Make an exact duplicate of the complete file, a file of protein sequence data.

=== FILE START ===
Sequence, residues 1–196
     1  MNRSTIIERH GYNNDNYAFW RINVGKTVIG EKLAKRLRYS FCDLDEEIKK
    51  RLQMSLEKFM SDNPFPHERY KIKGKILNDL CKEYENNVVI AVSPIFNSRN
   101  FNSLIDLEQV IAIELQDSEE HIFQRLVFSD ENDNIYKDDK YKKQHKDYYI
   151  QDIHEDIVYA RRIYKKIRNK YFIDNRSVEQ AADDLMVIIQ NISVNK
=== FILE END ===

Sequence, residues 1–196
     1  MNRSTIIERH GYNNDNYAFW RINVGKTVIG EKLAKRLRYS FCDLDEEIKK
    51  RLQMSLEKFM SDNPFPHERY KIKGKILNDL CKEYENNVVI AVSPIFNSRN
   101  FNSLIDLEQV IAIELQDSEE HIFQRLVFSD ENDNIYKDDK YKKQHKDYYI
   151  QDIHEDIVYA RRIYKKIRNK YFIDNRSVEQ AADDLMVIIQ NISVNK